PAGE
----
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60 days since last N. Korean missile test, but experts remain cautious Updated: 2017-11-15 11:57:57 KST

Over 60 days and counting.
After months of successive ballistic missile tests by North Korea and unprecedented hostile exchanges with the U.S., there has now been relative quiet from the North for the past two months.
Talks have surfaced of a possible improvement in relations, and of sanctions starting to take effect. Even U.S. President Trump last week suggested North Korea may be ready to start dialogue.

+ (November 7, 2017)
"I do see certain movement, yes. But let's see what happens."

But officials remain cautious.
Joseph Yun, Washington's top nuclear envoy, said last month that if North Korea stops nuclear weapons activity for 60 days, the U.S. should consider opening talks with Pyongyang.
However, when asked about this on Tuesday, he said that there had been no communication over why they had stopped, and that he only hoped* the situation stays this way.

It's perhaps not unusual that Pyongyang's missile activity remains quiet at this time of year.
Since Kim Jong-un came to power, the average number of missile launches conducted by Pyongyang in the first three quarters of the year is above four a year, but the average number of missile launches in the fourth quarter is less than one.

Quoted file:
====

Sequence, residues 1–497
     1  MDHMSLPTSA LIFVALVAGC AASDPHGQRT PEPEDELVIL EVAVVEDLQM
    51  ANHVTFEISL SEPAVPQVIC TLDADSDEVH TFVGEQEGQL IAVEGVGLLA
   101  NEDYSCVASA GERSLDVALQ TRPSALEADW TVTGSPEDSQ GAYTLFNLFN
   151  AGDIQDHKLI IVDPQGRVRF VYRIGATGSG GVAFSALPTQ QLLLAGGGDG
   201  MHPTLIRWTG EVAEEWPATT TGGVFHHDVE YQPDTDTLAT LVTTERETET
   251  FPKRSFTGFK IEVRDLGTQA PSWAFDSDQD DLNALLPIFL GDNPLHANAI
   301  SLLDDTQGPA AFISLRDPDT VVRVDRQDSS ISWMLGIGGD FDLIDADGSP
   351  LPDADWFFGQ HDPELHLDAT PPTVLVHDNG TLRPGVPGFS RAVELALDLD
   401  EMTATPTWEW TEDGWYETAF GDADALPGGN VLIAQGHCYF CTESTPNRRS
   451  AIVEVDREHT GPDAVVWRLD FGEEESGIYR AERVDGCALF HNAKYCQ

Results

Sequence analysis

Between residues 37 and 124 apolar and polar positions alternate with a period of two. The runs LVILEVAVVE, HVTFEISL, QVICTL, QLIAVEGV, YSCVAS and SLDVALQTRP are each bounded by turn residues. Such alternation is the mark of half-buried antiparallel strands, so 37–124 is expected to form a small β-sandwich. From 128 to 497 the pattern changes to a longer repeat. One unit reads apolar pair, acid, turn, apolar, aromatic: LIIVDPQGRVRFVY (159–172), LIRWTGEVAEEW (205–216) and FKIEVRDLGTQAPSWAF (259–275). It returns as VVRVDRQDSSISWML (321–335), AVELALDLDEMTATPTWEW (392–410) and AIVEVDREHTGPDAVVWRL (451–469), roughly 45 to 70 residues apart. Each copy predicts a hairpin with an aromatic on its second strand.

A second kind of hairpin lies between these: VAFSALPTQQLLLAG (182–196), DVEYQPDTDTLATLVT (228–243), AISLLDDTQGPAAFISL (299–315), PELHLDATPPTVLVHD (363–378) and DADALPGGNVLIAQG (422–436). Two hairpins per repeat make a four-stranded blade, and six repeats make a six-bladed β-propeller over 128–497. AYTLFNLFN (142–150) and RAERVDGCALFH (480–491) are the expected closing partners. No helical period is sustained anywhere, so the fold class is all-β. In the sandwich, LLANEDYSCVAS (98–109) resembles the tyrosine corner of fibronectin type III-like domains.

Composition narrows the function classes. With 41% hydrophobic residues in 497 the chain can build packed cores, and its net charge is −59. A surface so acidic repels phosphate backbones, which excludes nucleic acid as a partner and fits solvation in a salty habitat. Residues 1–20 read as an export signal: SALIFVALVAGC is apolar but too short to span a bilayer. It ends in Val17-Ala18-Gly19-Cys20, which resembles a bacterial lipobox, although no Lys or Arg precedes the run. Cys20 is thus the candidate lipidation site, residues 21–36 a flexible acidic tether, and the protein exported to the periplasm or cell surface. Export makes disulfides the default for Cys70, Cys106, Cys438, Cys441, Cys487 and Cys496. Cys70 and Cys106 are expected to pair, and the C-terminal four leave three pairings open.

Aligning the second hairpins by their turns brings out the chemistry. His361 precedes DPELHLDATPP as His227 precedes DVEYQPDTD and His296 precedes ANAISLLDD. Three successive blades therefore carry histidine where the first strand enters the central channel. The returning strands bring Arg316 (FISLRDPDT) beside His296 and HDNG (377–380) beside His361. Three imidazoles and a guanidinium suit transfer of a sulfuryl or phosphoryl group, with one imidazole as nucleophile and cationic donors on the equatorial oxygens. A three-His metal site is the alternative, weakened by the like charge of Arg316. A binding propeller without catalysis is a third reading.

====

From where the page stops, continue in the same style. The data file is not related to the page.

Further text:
Experts have reservations about the significance of this pattern, and point to other factors for the current pause in launches.

(Korean - )
"There are various reasons why the North could have stopped missile launches. It could be technical, they might need more time to perfect the next stage of their ICBM development. It could also simply be about the timing. They might feel they have nothing to gain politically if they launch a missile now."

And despite the lack of missile launches, it doesn't mean tensions have eased.
The South Korean and U.S. forces remain on alert, and continue military exercises such as the recent joint naval drills, featuring three U.S. carriers.
Pyongyang also continues its rhetoric on its state media, such as its pledge on Tuesday not to give up its nuclear weapons and that victory against the U.S. is inevitable.
Kwon Jang-ho, Arirang news.
Reporter :
KOGL : Korea Open Government License
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